Wednesday, March 23, 2011

A New Adventure (Conclusion)

My wife Lydia  and I just returned from our first trip out of the Philippines since relocating here over five years ago. It turns out that the concerns that I mentioned in my previous post "A New Adventure" were baseless. Our I-cards (along with valid passports of course) got us through Immigration upon both leaving and returning in just a few minutes  It took a bit longer when exiting the country because of the P2,880  per person yearly departure tax transaction  for which we were prepared anyway.  Also it helps that  the tax collection agent  is at the same window as the immigration officer. The process would have taken even less time if we hadn't fallen into the wrong line upon our arrival at NAIA.

On our return trip, the plane was full, and I was concerned that this would result in a huge traffic jam at immigration at NAIA, along with baggage retrieval delays and competition for taxis. As it turns out, it really wasn't bad at all. None of these areas were congested. However, airport taxi fares are quite a bit more expensive (more than double the rate) than their counterparts that ply the streets of  Metro-Manila. 

The vacation itself was a wonderfully unforgettable experience. We went on several tours in both London and Paris. Still, we barely scratched the surfaces of these great cities.  We were also satisfied with the service that we received on our flights via Cathay Pacific to and from our destination. 

I don't understand how anyone can travel abroad and not take home a new perspective on the world. Yet I know of people, Filipino and American tourists alike,  who have visited other countries and  come home completely unaffected by their travels.  For example while overseas, they patronize restaurants that serve only the dishes that they get at home and hang only with their fellow nationals rather than sample the local culture.  With that kind of mentality, why even go abroad in the first place?

It's unlikely that Lydia and I will ever be able to afford to go to Europe again. But it's that very circumstance that will make this vacation  all the more special. And we'll still be able to revisit London and Paris any time we want to—in our memories.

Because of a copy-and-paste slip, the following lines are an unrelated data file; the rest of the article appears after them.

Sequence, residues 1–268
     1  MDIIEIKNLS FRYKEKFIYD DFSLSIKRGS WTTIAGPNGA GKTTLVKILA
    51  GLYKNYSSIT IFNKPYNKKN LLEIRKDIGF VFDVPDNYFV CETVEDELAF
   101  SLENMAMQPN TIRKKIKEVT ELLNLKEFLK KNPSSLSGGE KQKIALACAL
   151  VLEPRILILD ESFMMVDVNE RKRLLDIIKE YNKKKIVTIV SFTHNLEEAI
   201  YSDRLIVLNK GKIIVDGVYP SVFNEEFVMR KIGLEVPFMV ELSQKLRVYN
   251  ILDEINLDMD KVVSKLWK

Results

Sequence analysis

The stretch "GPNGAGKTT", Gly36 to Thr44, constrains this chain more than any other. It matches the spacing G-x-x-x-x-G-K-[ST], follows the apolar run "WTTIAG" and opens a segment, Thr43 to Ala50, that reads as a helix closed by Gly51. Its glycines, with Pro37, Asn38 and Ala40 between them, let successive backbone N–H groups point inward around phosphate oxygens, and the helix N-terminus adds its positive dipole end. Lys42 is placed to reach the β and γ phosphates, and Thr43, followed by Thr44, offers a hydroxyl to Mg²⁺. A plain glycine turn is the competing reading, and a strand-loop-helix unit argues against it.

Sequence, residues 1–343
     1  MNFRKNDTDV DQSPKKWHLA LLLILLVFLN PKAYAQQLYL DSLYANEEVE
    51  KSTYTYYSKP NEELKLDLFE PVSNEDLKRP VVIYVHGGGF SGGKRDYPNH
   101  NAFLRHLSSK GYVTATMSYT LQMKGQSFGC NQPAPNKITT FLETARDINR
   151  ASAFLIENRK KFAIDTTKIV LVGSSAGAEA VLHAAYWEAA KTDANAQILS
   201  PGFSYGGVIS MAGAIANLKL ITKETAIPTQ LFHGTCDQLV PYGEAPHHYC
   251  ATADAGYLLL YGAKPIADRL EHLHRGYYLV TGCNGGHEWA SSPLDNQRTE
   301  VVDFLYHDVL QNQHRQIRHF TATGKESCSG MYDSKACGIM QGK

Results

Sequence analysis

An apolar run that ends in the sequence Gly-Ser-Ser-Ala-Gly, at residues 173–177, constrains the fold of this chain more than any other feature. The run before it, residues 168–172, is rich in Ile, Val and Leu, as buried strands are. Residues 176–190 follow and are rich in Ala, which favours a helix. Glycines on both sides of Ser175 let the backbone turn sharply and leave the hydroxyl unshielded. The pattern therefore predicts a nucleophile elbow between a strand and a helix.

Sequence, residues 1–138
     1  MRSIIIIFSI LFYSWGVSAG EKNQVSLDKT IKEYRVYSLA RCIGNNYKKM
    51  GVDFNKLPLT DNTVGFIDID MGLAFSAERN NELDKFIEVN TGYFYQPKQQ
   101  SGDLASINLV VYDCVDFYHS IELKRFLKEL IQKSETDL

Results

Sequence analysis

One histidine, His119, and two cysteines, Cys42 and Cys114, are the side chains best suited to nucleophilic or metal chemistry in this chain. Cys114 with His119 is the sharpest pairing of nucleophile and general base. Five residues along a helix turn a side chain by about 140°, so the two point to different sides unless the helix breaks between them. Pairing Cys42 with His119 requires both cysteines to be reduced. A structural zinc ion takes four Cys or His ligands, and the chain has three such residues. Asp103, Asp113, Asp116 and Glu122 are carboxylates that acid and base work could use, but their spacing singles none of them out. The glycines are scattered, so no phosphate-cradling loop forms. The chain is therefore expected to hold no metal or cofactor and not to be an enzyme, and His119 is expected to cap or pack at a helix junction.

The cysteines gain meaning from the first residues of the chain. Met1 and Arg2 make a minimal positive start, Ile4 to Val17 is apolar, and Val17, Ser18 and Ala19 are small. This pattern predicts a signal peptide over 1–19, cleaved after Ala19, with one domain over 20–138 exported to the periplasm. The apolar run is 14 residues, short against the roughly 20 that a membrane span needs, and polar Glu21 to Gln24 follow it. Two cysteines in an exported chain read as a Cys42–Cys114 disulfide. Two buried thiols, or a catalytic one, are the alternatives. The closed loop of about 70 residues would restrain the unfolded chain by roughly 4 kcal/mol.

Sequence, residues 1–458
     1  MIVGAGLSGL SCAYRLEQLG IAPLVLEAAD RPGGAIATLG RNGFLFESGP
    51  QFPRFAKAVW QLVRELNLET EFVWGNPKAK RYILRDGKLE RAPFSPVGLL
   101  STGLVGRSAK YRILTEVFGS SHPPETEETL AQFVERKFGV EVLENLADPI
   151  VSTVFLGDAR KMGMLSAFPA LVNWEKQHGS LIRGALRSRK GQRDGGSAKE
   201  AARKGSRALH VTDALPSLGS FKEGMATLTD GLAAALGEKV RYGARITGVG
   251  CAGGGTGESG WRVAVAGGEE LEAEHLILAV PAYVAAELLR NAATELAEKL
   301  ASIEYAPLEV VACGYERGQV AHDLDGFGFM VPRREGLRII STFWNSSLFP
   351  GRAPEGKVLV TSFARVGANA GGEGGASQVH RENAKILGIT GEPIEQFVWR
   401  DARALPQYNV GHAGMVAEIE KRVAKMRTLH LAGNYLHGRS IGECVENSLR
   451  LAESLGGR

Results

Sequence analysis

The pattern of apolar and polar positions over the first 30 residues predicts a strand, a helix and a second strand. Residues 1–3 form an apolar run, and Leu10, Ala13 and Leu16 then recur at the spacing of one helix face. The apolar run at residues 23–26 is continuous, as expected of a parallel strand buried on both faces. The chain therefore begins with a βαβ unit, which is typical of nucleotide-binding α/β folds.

Photos of our trip are posted on Shutterfly.


Kano said...

Hi Rick,

Very nice pictures! I can identify with many of the pictures, as I come from the Continent. I was born there and raised, in Belgium. I can see the cleaniness and order in this part of the world.

It must have been an unforgetable trip and vacation for you both. A little bit cold for you guys, I see, but I can imagine, after being in the warm greenhouse for a number of years in Manila, it takes a while to get used to being in a temperature of +5 degrees outside.

Always try to take a white or van taxi home, because the yellow taxis charge you twice the fare. They also drive very scary on the road, so you get the same service as the other ones, anyways. We always go to the Hertz station when we come out of the International Arrivals at the NAIA and then proceed to Avis across where they will assign you a private van-taxi. You will pay your fare at the Avis desk according where you go. If you go to Makati, it was before (a few years ago) about P350, I believe. I'm not sure though if Avis is still there, as it was some years ago. But, you both arrived safe home, that's the most important thing.


Secular Guy said...


Thanks for your kind words about the photos. I'm not much of a photographer, so I'm glad that the pictures captured the essence of the sites we visited.

When I saw the order and cleanliness of London, I developed culture envy instead of culture shock. And don't get me started on the excellent public transportation in both London and Paris. tis

Thanks for the tip about the alternate transpo service at NAIA. That is important and helpful information.